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Humanising Services

Call 14: From homelessness to the Home Office, young people’s services must be humanised.

“I feel like I was not really important [in visits to the Home Office]. If you are doing great, they start noticing you… my auntie took us to the Refugee Council to study but there was a long wait. I went to Skills Development Scotland because my cousin told me they could help finding places in college and with employability, things like that. The person that was helping is just amazing. I feel like he actually cares. He would ask me, ‘How was the interview?’. All the time, he was encouraging. I think that’s so important.”

“When I go there, I’m just happy because there’s something constructive that I’m getting out of there. And he’s actually helping. He is the person that helps me through college, and to getting into college… When someone is actually giving you support, they can motivate you to do something. I think this is important… So I stopped going to the Home Office. I started to do things that are beneficial for me.”

“Organisations need to understand a lot of young people don’t have information or confidence to engage. Sometimes when I go to these organisations, I don’t feel welcome… For some young guys, they don’t want to go back again.”

“When I first came here, I found it very difficult to understand the situation in this country… I didn’t know anything. I didn’t speak English. I didn’t know how to use Google Maps and GPS. I was staying at home all the time. It was really cold and it was snowing. Although there are some organisations that help people to learn English, I didn’t know where to go to learn. Then I met someone from my country. He put me in touch with a community organisation. Still I didn’t know how to get there. I had to phone him and he would take me there.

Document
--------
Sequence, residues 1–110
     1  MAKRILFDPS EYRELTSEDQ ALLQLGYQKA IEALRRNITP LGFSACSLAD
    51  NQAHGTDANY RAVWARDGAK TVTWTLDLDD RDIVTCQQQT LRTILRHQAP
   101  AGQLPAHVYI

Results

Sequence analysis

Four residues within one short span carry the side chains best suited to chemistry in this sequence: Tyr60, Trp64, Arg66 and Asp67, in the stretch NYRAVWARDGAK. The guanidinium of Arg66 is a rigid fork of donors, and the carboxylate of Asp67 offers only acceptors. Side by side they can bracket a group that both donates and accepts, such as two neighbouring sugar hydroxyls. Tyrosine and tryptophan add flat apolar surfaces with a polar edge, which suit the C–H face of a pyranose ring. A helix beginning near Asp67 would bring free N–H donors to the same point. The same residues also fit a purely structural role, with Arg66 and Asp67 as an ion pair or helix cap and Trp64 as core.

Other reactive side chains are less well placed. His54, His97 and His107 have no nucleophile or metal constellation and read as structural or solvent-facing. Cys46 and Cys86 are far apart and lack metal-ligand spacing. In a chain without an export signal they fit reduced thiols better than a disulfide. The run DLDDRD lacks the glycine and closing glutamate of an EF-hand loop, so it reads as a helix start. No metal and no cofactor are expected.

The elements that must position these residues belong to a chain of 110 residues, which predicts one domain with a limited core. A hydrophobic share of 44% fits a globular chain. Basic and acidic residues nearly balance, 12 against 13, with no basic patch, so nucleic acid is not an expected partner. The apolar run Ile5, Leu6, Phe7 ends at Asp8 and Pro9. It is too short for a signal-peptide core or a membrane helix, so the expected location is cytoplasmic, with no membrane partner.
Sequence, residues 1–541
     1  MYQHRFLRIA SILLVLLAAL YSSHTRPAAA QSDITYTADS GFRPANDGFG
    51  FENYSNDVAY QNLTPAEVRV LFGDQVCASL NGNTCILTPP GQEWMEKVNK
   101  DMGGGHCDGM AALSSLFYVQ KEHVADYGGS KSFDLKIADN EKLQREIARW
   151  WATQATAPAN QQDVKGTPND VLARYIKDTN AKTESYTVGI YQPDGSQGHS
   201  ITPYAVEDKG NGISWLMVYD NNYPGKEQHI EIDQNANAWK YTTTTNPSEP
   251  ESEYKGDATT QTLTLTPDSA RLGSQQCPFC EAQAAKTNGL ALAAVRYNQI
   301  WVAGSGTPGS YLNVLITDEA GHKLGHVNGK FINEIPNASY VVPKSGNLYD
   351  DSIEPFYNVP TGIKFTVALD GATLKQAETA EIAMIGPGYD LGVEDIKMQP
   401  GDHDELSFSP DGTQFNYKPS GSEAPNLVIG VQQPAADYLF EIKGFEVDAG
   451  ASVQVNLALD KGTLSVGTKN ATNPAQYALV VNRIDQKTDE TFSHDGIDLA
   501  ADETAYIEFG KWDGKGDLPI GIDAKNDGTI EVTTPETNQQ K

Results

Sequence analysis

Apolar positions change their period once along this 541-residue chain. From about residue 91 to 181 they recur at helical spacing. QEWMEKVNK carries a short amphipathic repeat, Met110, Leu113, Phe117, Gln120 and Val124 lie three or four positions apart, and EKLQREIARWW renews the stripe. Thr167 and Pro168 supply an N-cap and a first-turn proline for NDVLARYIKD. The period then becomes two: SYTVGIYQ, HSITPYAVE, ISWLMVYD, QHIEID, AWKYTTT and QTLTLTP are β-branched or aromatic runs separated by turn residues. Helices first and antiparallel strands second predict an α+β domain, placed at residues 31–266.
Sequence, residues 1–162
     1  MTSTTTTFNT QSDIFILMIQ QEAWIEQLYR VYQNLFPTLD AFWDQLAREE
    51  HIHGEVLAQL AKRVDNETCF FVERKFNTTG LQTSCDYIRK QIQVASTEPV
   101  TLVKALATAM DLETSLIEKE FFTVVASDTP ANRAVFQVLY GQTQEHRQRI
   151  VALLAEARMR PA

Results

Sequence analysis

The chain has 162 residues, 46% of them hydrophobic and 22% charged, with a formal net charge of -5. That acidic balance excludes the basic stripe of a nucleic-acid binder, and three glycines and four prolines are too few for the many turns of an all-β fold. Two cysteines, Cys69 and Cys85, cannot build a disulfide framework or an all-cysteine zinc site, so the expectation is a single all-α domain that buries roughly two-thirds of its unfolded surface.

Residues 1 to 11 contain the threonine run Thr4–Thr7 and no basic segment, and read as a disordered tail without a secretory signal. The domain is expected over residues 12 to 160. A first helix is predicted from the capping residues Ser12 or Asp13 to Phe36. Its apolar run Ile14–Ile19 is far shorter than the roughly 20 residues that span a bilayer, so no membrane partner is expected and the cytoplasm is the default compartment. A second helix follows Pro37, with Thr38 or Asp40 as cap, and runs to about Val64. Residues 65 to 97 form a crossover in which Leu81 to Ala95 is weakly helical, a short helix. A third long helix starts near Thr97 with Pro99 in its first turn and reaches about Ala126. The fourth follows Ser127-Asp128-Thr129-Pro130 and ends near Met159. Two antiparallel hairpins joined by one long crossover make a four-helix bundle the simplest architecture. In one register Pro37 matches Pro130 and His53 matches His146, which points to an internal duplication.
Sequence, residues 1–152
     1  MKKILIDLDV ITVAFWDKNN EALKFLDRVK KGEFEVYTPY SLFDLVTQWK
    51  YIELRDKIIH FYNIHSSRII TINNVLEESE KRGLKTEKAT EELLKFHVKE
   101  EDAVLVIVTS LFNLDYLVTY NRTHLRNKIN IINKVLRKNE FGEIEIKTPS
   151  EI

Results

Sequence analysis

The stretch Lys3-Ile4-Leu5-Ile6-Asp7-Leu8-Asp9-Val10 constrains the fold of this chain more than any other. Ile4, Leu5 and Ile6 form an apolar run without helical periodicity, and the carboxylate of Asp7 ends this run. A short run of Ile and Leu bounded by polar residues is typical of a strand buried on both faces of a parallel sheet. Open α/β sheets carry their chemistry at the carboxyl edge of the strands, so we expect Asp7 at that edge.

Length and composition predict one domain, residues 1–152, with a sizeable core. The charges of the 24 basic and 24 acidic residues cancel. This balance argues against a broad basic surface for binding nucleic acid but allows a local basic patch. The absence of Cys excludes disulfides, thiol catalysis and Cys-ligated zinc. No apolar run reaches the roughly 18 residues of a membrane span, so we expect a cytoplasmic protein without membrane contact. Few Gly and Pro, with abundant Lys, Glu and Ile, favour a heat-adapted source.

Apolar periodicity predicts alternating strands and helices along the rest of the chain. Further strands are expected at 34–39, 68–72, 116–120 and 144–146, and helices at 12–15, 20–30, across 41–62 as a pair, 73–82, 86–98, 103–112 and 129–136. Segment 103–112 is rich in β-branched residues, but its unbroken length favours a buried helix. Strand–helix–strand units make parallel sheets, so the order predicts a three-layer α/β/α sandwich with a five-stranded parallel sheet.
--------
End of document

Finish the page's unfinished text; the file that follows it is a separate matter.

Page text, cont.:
“When I had an appointment with the Job Centre, I didn’t know how to speak English. I didn’t know what to do and what they said. I asked if I could have an interpreter so I could understand what was said to me. But I was told I couldn’t get one because I have already been in this country for eight to nine months. He [the person at the Job Centre] gave me the date and time for my next appointment and said if I don’t attend the appointment, they were going to cut my money. The Job Centre said my friend should be here to help me. I tried to get him to come to the Job Centre but he was working. By the time he arrived, we were 10 minutes late. We were shouted at and told that I should be looking for jobs through the advertisements. It was very stressful!”

“Support [for young people] should be about more than materials. Giving out leaflets is not enough.”

“To help people in the homeless situation, it needs more than a house… they need practical help and genuine support. What needs to change? See me as a person, not an appointment! Put more effort and time into genuinely supporting us.”

“It’s not effective if services are delivered in one way. Use diverse approaches to understand the person, their culture and know how to appropriately interact.”

“I need to feel that a person really cares about me before I can open up with my problems.”“There are different ways of support to meet people’s needs. When support is right, it can go a long way and change someone’s life… I want to become a social care worker, so other people don’t have to go through what I’ve been through.”

Learn all about the 25 Calls Campaign on our website!